Researchers will also look for anomalies in the stellar “light curves” that TESS collects, because such peculiarities may be caused by orbit built by advanced civilizations built around megastructures.
And the organization already has a few goals in mind – in particular interstellar visitors Oumuamua and Borisov.
Dr. Andrew Siemion, leader of the breakthrough listening science team said: “The discovery by the Kepler spacecraft of Boyajian’s Star, an object with wild, and seemingly random, variations in its light curve, led to great excitement and a range of possible explanations, including megastructures were just one. “
WHAT IS THE VLA TELESCOPE?
The Very Large Array (VLA) is a telescope found in New Mexico, USA and is a collection of 27 antennas in New Mexico.
The VLA consists of twenty-seven 25-meter radio telescopes that are deployed in a Y-shaped array and all the equipment, instruments and computing power to act as an interferometer.
Each of the 27 dishes has a diameter of 82 feet (25 meters) and weighs 230 tons (209 tons).
It was first seen in 2016 by the Very Large Array (VLA) telescope in New Mexico using radio signals (photo). The scientists concluded that this was not a “brown dwarf” or a failed star, but a free-floating planet
The VLA is located at an altitude of 2124 m above sea level. It is part of the National Radio Astronomy Observatory (NRAO).
It is designed to pick up radio signals and to help recognize young planets from outside our solar system.
It works in combination with the Atacama Large Millimeter / submillimeter Array (ALMA) telescope in Chile.
“Follow-up observations have suggested that dust particles in orbit around the star are responsible for dimming, but studies of abnormalities such as this increase our knowledge of astrophysics and cast a broader net in the search for techno signatures.”
Up to 10,000 new planets are expected to be found from TESS, many of which are considerably closer to Earth than Kepler’s.
In April 2018, SpaceX launched the $ 337 million TESS from NASA into space, which is equipped with four cameras that allow it to view 85 percent of the entire sky, while the exoplanets search around stars for less than 300 light years.
Two months ago, TESS was discovered as a super-earth exoplanet just 31 light-years away in the so-called habitable zone, an area far enough from its star not to be too hot, but close enough not to be too cold.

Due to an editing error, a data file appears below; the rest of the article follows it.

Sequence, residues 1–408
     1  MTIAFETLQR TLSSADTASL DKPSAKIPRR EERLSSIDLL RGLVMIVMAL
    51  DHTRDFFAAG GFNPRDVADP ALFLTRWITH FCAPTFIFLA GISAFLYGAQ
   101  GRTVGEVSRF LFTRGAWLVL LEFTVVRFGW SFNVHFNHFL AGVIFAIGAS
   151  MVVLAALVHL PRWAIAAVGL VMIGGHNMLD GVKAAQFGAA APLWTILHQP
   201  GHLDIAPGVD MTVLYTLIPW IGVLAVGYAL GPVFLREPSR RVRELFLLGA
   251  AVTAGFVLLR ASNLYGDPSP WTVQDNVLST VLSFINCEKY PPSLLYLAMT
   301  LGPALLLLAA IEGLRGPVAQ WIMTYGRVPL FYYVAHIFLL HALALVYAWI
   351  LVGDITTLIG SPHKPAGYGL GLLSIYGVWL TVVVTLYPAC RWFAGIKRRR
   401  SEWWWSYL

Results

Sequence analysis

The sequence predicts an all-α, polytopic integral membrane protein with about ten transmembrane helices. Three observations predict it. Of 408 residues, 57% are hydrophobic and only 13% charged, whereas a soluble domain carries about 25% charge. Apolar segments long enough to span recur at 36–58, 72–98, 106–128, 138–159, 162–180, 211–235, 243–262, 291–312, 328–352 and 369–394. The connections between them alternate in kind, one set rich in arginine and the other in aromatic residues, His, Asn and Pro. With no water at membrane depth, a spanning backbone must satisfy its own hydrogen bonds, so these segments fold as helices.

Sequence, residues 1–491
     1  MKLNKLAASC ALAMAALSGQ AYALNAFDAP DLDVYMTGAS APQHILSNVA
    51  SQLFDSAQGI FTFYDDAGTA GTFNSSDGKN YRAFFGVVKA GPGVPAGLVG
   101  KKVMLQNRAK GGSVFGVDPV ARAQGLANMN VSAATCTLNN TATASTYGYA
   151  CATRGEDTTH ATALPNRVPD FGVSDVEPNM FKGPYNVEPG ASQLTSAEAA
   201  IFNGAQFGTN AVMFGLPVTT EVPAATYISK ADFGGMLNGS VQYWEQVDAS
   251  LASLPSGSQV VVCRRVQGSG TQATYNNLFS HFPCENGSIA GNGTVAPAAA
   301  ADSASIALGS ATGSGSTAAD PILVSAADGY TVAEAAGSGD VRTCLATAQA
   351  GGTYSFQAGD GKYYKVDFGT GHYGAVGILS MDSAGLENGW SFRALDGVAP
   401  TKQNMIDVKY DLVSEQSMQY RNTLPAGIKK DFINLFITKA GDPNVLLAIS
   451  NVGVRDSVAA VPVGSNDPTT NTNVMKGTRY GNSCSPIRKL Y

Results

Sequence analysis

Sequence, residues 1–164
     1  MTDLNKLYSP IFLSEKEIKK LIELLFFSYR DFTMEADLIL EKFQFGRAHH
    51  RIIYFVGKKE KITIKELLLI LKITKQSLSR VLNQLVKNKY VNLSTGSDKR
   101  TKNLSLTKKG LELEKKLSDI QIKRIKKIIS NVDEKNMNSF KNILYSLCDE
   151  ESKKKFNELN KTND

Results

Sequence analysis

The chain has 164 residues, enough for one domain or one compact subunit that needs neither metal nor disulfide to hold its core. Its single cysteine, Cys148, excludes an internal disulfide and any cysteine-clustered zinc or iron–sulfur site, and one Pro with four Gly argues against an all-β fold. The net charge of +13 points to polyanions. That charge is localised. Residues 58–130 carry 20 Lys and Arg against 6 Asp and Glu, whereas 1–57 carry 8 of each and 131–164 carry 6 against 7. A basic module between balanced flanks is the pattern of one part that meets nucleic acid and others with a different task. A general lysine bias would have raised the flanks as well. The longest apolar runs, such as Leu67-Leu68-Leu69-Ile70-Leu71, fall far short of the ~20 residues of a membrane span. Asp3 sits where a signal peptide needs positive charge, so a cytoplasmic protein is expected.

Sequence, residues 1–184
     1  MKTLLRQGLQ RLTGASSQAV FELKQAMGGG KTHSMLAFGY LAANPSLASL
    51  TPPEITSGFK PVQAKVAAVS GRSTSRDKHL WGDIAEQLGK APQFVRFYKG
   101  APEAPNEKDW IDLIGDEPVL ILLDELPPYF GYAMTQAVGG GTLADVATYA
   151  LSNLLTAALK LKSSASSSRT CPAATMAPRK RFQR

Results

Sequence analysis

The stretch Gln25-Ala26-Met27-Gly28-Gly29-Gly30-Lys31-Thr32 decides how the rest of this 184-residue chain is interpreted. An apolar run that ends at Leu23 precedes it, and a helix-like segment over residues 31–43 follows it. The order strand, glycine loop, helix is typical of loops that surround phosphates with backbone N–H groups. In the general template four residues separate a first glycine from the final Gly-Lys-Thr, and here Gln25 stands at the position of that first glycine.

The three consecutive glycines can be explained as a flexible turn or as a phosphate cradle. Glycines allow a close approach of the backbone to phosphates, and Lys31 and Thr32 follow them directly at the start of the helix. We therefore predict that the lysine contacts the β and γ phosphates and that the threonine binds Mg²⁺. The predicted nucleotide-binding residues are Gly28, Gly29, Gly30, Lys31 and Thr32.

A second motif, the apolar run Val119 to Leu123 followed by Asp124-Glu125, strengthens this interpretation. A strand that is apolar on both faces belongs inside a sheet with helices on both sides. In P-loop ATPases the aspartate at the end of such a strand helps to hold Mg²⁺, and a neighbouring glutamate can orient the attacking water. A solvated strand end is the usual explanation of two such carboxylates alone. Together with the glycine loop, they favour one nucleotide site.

In this region, liquid water may appear on the surface of a planet if it is rocky, although further research is needed to determine whether the atmosphere of GJ 357d is dense and warm enough to accommodate liquid water.
WHAT IS THE TESS SPACE VEHICLE?
The new planet hunter from NASA, set up as the successor to Kepler, is equipped with four cameras that can view 85 percent of the entire sky, while the exoplanets search around stars less than 300 light-years away.
By studying objects much clearer than the Kepler goals, it is hoped that TESS can find new clues about the possibility of living elsewhere in the universe.
The four widescreen cameras will view the sky in 26 segments, each of which is observed one by one.
In the first year of operation, it maps the 13 sectors that together form the southern sky.
Then, the following year, it will scour the northern sectors.
“We have heard from Kepler that there are more planets than stars in our sky, and now TESS will open our eyes to the variety of planets around some of the closest stars,” said Paul Hertz, director of Astrophysics Division at NASA headquarters.
“TESS will throw a wider net than ever before for enigmatic worlds whose properties can be explored by NASA’s forthcoming James Webb Space Telescope and other missions.”
Tess is 1.5 meters wide and is shorter than most adults.
The observatory is 1.2 meters wide, excluding the solar wings, which are folded for launch, and weighs only 362 kilos.
NASA says it’s somewhere between the size of a fridge and a stacked washer and dryer.
Tess strives for a unique elongated orbit that passes on one side within 45,000 miles of the earth and on the other as far away as the orbit of the moon.
It takes two weeks for Tess to circle the earth.